In April 2010, a multidisciplinary committee composed of endocrinology providers, pediatric psychologists, and social workers was established. Utilizing a quality improvement (QI) framework, the group identified an overall goal to establish feasibility and clinical significance of routine depression screening in a tertiary care diabetes center. A measureable and time bound specific aim was developed, which was to increase depression screening and appropriate mental health referral rates from a baseline of 5% to 90% within 1 year. Four integral components, or key drivers, were identified that were critical for success of the project. For each key driver, a series of interventions were identified (Fig 1). Representatives from each step in the proposed process (eg, registration, point of care testing, nurse intake, provider encounter) were included in the design development, which included anticipation of possible problems at each step with correlated interventions to address the potential obstacle. Institute of Healthcare Improvement methodology was followed to iteratively test interventions targeted to each of the 4 key drivers with a series of plan, do, study, act (PDSA) cycles to define a reliable process for depression screening and referral.
Step 1: Identification of a Screening Measure
The committee considered published valid measures of depression (Table 1) and selected the Children’s Depression Inventory (CDI) as the screening tool. The CDI is a 27-item, widely used measure of depressive symptoms in children ages 7 to 17 (inclusive) in clinical and research settings. The CDI is written at a third grade reading level, can be self-administered in 15 minutes or less and includes an item about suicidal ideation.31 Adolescents select 1 of 3 statements that describe how they have been feeling in the past 2 weeks for each of the items; higher scores reflect more depressive symptoms (range 0–54). The CDI manual reports a high level of internal consistency among the CDI items; in the current sample, the coefficient α was excellent at 0.89.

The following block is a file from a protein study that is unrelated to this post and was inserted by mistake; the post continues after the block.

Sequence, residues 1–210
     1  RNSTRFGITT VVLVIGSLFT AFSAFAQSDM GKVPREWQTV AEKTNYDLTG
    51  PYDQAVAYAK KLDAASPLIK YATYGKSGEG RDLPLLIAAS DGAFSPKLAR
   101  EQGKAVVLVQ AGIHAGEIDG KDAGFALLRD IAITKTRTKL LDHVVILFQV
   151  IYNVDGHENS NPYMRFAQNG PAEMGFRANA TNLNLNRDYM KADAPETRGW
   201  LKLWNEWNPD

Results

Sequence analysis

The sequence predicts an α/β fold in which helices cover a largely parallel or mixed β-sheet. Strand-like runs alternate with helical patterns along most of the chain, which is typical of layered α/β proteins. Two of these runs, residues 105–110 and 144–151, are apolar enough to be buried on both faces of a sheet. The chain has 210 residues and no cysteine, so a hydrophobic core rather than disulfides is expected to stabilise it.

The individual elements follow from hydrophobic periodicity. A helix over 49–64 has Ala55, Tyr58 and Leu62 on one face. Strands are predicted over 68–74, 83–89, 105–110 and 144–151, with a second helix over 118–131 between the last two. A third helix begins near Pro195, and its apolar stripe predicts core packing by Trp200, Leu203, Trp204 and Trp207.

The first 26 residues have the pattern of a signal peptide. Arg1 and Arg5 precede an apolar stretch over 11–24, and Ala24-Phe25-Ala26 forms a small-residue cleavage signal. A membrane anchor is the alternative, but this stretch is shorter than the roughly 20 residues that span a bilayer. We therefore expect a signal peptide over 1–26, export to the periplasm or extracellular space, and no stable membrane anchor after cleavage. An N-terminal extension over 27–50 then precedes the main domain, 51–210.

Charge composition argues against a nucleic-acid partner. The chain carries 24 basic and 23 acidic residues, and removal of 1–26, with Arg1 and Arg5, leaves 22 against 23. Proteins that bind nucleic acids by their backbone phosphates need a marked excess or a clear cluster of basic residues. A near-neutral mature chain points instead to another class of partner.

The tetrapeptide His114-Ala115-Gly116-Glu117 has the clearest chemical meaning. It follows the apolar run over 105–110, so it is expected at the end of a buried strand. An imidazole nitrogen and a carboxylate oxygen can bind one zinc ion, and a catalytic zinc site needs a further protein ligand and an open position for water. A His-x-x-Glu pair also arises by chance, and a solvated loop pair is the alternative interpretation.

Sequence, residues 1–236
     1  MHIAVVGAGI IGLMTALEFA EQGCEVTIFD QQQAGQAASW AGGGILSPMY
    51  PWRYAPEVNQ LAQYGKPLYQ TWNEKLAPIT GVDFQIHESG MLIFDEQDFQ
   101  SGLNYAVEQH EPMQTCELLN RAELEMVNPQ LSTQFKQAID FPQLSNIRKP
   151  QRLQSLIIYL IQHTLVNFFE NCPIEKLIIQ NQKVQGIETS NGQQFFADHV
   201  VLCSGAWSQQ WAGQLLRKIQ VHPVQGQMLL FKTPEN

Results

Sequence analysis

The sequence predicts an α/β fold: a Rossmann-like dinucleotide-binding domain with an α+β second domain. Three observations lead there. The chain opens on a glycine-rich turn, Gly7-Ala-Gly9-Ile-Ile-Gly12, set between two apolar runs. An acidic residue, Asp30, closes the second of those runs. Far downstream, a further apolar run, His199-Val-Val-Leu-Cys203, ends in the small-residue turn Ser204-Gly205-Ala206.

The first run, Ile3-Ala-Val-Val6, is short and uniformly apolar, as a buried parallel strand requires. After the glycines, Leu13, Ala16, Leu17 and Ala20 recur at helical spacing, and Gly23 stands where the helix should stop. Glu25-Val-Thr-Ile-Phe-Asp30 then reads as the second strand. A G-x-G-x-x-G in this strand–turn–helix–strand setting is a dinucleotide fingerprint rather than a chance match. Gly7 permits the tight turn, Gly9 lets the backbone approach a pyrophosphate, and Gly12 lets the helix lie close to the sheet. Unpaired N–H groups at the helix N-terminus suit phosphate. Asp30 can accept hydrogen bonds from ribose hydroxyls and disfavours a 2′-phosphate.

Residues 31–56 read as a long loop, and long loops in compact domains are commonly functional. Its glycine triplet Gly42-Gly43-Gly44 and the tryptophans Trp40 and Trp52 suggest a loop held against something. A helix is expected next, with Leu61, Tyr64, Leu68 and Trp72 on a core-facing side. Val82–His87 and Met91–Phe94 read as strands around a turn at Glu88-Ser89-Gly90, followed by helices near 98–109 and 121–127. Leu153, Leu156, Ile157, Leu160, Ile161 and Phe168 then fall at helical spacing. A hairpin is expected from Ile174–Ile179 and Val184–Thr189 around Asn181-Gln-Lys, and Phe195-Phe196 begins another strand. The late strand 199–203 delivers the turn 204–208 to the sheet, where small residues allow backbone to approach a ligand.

Step 2: Patient Selection for Depression Screening
Adolescents with type 1 diabetes ages 13 to 17 presenting for routine diabetes visits were selected as the initial target population given their increased risk for elevated depressive symptoms. Self-administration of the survey required patients to be developmentally appropriate and literate in English. Participation was voluntary but encouraged for all patients in the target group. The institutional review board at Cincinnati Children’s Hospital reviewed and approved a waiver of consent for this aspect of clinical care.
Step 3: Pilot Testing
Initial testing of the proposed process was undertaken in select half-day diabetes clinics with limited providers. A paper version of the survey tool was used, which allowed for rapid feedback from patients, families, and clinic staff with a limited investment of resources. Learning from several weeks of small trials informed the team that a successful process would need to be flexible to compensate for a variable volume of patients and efficient so as to avoid adding time to the visit.